'NON CAMPUS MENTIS' Book puts student bloopers in a class by themselves
The author says there's no way he could make up the entries.
Anders Henriksson wants you to know that college kids today aren't necessarily more stupid or less informed than they were 30 years ago, and he offers an improbable book full of proof.
The volume is "Non Campus Mentis": non sequiturs, faux facts and boneheaded statements gleaned from three decades of student tests and papers at universities and colleges across North America.
It has inched its way onto the New York Times miscellaneous best-seller list. And it certainly is miscellaneous.
Henriksson insists he's not kidding. One student really did write that "the airplane was invented and first flown by the Marx brothers" and another that "Hitler's instrumentality of terror was the Gespacho."
"But it's been a pretty steady stream over the years," says Henriksson, who chairs the history department at Shepherd College in Shepherdstown, W.Va. "It's not necessarily getting worse."
Here's the real test: Nature, as we know, abhors a vacuum. The real test, Henriksson says, is how creatively students fill the cerebral vacuum they discover when it's test time and they haven't studied, have skipped class, have been imperfectly briefed by other students or just don't have a clue.
Was Noah's wife really Joan of Ark? Was Middle Eastern history really written by Florence of Arabia? Did the Soviets truly erect the Berlin Mall?
"What we have here is the cr & egrave;me de la cr & egrave;me" of student vacantness, he says, "from quite a number of sources and years. It would be dangerous to draw conclusions from this about the preparation of the average student."
Dangerous, maybe. But unthinkable?
Henriksson won't tell you where the culprits went to school. In addition to compiling his own treasury of student howlers, he says, he has been the grateful recipient of thousands of others from colleagues at other schools, most of whom have conditioned their contributions on protection of the source.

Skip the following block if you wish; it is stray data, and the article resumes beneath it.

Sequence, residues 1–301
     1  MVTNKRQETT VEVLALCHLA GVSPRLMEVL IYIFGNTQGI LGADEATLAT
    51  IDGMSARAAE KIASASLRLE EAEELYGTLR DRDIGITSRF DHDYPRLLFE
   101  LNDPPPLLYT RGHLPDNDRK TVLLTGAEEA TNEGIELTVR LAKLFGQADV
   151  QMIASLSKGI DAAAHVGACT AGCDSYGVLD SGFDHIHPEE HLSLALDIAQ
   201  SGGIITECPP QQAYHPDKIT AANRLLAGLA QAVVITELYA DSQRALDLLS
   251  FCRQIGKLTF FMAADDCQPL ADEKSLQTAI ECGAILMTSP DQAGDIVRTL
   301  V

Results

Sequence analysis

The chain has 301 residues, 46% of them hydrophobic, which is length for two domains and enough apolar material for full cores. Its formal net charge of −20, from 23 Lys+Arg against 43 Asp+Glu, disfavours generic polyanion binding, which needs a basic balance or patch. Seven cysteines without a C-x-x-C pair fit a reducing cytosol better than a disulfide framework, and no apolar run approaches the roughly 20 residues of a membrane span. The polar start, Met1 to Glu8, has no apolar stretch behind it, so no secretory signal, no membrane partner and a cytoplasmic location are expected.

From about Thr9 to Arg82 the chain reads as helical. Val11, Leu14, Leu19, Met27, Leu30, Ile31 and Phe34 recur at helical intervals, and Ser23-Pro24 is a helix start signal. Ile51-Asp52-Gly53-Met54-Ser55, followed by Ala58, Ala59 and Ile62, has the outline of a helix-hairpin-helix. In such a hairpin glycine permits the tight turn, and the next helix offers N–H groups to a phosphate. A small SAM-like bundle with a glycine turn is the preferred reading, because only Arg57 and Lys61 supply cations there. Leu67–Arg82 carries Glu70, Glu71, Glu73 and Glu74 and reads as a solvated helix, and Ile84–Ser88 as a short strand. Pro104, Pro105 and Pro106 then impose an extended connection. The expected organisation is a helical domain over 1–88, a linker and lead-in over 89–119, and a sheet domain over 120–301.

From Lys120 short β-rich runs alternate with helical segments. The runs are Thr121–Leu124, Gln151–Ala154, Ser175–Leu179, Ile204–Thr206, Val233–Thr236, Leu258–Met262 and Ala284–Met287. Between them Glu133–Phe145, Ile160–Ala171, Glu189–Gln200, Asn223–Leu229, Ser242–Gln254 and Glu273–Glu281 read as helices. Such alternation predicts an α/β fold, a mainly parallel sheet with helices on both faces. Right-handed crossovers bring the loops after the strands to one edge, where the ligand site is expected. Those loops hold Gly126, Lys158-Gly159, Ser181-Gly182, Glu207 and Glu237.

But. he promises he hasn't made them up.
"I don't think anyone could make this up," he says. "You'd have to be Mel Brooks or Woody Allen, and I'm not that clever."
Collecting for years: He will say, however, that he has taught since 1985 at Shepherd, source of "quite a few" entries in the book, and was collecting them before that while teaching at the University of Toronto. He also says the book includes submissions from student writing at every sort of public and private college and university, including Oxford, City College of New York and the U.S. Military Academy.
Maybe it was a West Pointer who wrote that "Germany's William II had a chimp on his shoulder and therefore had to ride his horse with only one hand."
Henriksson previously published two compilations of student weirdness in the Wilson Quarterly, each of which prompted outpourings gathered by other professors across the continent. One teacher at Texas Lutheran University, he says, generously proffered a collection from the emptiest minds at that school dating to the 1930s.
The bloopers demonstrate equal-opportunity zaniness, he suggests. "As near as I can tell, they don't break down at all by gender or race or region or class."